• Labor Day – May 1
  • Children's Day – June 1
  • Pentecost/Whit Sunday – Date changes each year (May 20 in 2018; June 16 in 2019)
  • Pentecost/Whit Monday – Date changes each year (May 21 in 2018; June 17 in 2019)
  • Assumption Day – August 15
  • Feast of St Andrew – November 30
  • Great Union Day – December 1
  • Christmas Day – December 25
  • Second Day of Christmas – December 26

Tip:

See www.timeanddate.com and www.thetimenow.com for up-to-date lists of Romania's public holidays.

Working in Romania

Working hours in Romania are typically 40 hours a week, from 9 a.m. to 5 p.m., Monday to Friday. Labor law states that a working week should not be more than 48 hours, including overtime.

Overtime can be compensated for by an equal number of vacation hours. These have to be taken within 60 days of the extra work being undertaken. Otherwise the time worked must be paid in full.

The Romanian government gives tax incentives to employers offering work to long-term unemployed people, older workers and single parents. The pre-tax minimum wage in Romania converts to about $290 a month, the lowest in Europe after Bulgaria. But the cost of living is low, too.

Workers are entitled to hold down several jobs and be paid for each accordingly. However, they are not obliged to tell employers of any other jobs held.

Most Romanians aren't overtly ambitious or "corporate" in their attitudes toward work. This is, perhaps, a legacy of communism, where the collective result was more important than the individual. Similarly, Romania remains heavily bureaucratic, so brace yourself for plenty of paperwork!

Tip:

Read Bucharest's online English-language newspapers Nine O'Clock and The Diplomat to keep up with current business affairs.

Annual Leave and Parental Leave

Romanians are entitled to 21 days of paid annual leave. Private-sector workers are entitled to unpaid leave in exceptional circumstances, such as the weddings or funerals of close family members.

Parental leave is generous in Romania. The first parent can request absence of 12 months, receiving 85 percent of their net income each month, plus a bonus for 12 months after returning to work.

Alternatively, they can benefit from two years' leave, but without the return-to-work bonus. The second parent can request leave of one month.

Getting the Best From Your Team

Romanian business culture is hierarchical, and decisions are usually made at the top. Your team members will expect you to provide strong leadership. You'll likely find that few people who report to you will ever question your judgment, so brush up on your decision making skills before you go.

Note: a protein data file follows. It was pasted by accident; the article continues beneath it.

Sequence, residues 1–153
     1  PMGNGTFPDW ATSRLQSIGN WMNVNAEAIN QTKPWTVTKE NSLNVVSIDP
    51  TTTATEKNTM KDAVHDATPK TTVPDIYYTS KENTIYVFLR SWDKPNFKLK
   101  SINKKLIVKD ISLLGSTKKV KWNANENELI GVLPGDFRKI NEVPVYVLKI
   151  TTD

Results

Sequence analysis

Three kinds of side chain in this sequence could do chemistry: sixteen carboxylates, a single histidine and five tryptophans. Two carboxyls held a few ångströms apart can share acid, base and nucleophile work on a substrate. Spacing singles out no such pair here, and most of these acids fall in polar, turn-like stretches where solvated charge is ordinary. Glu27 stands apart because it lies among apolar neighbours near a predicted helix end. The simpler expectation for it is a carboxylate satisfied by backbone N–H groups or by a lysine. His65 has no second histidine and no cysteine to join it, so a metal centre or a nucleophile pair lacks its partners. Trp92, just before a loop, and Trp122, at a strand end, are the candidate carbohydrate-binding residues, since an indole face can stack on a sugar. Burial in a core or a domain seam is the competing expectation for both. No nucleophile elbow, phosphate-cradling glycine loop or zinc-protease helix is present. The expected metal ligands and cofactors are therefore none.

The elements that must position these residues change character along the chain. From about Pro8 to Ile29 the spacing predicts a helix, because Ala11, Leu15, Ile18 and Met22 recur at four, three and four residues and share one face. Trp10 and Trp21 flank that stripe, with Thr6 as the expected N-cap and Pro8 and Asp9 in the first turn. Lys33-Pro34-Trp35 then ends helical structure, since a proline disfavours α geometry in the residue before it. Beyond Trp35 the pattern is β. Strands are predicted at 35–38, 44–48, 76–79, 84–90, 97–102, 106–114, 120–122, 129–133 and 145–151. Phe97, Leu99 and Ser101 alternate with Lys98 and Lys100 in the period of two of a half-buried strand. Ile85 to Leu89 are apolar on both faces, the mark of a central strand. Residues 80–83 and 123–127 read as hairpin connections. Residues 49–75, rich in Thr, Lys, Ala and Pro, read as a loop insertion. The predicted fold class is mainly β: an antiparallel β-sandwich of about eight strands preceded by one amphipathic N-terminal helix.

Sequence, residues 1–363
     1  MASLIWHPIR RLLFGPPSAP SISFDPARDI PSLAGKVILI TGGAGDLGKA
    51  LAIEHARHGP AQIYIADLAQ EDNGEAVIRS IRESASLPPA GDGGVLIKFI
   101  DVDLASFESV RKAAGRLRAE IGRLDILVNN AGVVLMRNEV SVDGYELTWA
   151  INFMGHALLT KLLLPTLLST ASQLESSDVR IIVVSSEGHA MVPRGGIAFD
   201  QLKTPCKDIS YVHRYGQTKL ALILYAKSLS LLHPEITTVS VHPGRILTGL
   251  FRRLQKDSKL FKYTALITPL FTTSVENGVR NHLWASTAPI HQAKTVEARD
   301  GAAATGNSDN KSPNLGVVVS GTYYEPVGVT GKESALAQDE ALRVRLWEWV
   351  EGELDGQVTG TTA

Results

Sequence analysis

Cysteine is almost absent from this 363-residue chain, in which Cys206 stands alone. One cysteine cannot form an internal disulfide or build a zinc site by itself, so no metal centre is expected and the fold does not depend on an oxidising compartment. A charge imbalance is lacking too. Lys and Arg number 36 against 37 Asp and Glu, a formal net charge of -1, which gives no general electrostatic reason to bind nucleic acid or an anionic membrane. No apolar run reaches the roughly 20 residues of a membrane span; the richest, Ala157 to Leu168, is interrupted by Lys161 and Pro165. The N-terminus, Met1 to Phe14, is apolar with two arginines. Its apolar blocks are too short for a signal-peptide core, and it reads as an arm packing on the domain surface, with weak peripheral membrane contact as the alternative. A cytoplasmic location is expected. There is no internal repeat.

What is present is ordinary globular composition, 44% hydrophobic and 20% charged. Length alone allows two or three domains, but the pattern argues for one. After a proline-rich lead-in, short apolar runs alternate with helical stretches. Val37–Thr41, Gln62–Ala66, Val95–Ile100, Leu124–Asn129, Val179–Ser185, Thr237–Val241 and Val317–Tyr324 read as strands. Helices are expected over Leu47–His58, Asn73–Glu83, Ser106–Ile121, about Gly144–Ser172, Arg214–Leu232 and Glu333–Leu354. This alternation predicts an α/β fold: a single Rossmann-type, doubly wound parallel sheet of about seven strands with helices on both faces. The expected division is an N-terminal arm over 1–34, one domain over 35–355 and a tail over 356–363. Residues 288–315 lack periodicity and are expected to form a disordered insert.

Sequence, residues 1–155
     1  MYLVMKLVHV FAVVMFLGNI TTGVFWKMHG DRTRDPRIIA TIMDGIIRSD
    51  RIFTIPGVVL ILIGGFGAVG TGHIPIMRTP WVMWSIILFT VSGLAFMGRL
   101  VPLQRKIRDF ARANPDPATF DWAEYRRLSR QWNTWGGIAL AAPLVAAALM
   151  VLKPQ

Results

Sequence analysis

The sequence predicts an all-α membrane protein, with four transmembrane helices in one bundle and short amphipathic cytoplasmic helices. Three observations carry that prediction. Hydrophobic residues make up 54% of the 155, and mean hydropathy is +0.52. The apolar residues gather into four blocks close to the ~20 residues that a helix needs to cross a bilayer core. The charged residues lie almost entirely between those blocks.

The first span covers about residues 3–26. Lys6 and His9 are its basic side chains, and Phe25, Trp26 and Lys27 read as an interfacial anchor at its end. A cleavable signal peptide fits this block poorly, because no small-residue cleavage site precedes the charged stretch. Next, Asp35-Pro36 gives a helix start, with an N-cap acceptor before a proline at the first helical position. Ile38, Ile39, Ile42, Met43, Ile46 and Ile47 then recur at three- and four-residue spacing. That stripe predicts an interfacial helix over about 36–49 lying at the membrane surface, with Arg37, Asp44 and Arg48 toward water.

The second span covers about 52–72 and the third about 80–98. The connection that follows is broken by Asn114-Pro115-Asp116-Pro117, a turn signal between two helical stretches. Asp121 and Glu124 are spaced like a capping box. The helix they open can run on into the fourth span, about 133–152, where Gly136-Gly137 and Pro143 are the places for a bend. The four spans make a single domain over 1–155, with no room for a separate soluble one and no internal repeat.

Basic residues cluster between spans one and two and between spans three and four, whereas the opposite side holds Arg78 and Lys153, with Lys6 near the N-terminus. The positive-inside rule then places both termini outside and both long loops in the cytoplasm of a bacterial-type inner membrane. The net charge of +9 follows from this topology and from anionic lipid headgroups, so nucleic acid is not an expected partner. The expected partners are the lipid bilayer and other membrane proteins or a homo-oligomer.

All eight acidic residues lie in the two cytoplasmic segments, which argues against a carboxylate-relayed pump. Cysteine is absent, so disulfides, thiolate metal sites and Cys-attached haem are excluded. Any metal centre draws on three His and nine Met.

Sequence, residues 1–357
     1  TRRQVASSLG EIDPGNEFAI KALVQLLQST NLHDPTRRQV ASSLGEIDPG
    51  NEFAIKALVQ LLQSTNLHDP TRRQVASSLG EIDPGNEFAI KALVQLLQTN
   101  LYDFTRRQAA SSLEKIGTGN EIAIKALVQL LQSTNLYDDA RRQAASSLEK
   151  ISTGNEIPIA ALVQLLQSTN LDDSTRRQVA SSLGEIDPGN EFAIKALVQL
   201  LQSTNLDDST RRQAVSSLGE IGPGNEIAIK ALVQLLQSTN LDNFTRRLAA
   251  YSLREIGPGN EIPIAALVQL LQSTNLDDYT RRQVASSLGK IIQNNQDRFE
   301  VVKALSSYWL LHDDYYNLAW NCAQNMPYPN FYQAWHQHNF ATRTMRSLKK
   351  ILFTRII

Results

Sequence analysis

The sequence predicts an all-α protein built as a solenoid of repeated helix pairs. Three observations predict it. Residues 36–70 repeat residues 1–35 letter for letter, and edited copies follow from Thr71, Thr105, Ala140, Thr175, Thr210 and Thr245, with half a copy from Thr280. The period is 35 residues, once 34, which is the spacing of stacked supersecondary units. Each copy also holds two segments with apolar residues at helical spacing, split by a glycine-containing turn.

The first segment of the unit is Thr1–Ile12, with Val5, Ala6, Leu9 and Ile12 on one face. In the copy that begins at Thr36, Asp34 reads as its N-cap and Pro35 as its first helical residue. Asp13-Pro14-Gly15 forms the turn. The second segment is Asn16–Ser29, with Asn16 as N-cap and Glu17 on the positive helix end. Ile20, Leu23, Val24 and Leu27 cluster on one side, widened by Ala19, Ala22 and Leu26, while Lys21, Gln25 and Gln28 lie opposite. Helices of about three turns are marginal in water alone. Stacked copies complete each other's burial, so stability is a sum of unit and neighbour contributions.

Romanians tend to dress modestly and conservatively for work. Business meetings are usually formal, so don't remove your jacket or sit down until the most senior person in the room has done so. Also, address everyone formally (Mr/Mrs – Domnule/Doamna) until you are invited to use their first names.

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Punctuality and respectful behavior are important, particularly when dealing with senior people. You'll likely find that your Romanian team members will be generous and hospitable toward you, but getting to know them can take a while. Once trust is established, however, you'll be considered “one of their own.”

Bribery is illegal in Romania, but giving small gifts (such as alcohol or confectionery) to business partners is commonplace. Sharing something from your hometown with your team when you meet them will likely help you get off to a good start.

Tip:

See our article, Gifts in the Workplace, for the dos and don'ts of gift giving. Take care to understand anti-corruption laws both in Romania and in your home country (which may apply even when you're abroad), and to respect your company's policies on this subject.

For example, in the U.S., the legal distinction between a gift and a bribe is not completely clear. See the Foreign Corrupt Practices Act (FCPA) for more information. Also, the Bribery Act 2010 explains what constitutes an offence under U.K. law, at home and abroad.

Safety and Security

Violent crime is rare in Romania, but be alert for pickpockets and money-exchange scams. Simply keep walking if someone approaches you offering to exchange currency.

Be aware that homosexuality was illegal in Romania until 2001, and same-sex marriage is still not recognized. However, hate crimes related to gender, sexual orientation or race are also very rare.

Key Points

Romania has enjoyed steady economic growth for a decade, and is facing up to the challenges associated with corruption and political instability.

However, it's a reasonable time to start getting involved in Romanian business, particularly in the tech sector, where there is strong infrastructure.

To bring the most out of your team members, behave respectfully and be mindful of hierarchies. Lead with authority, but ensure that you're approachable and patient while building working relationships.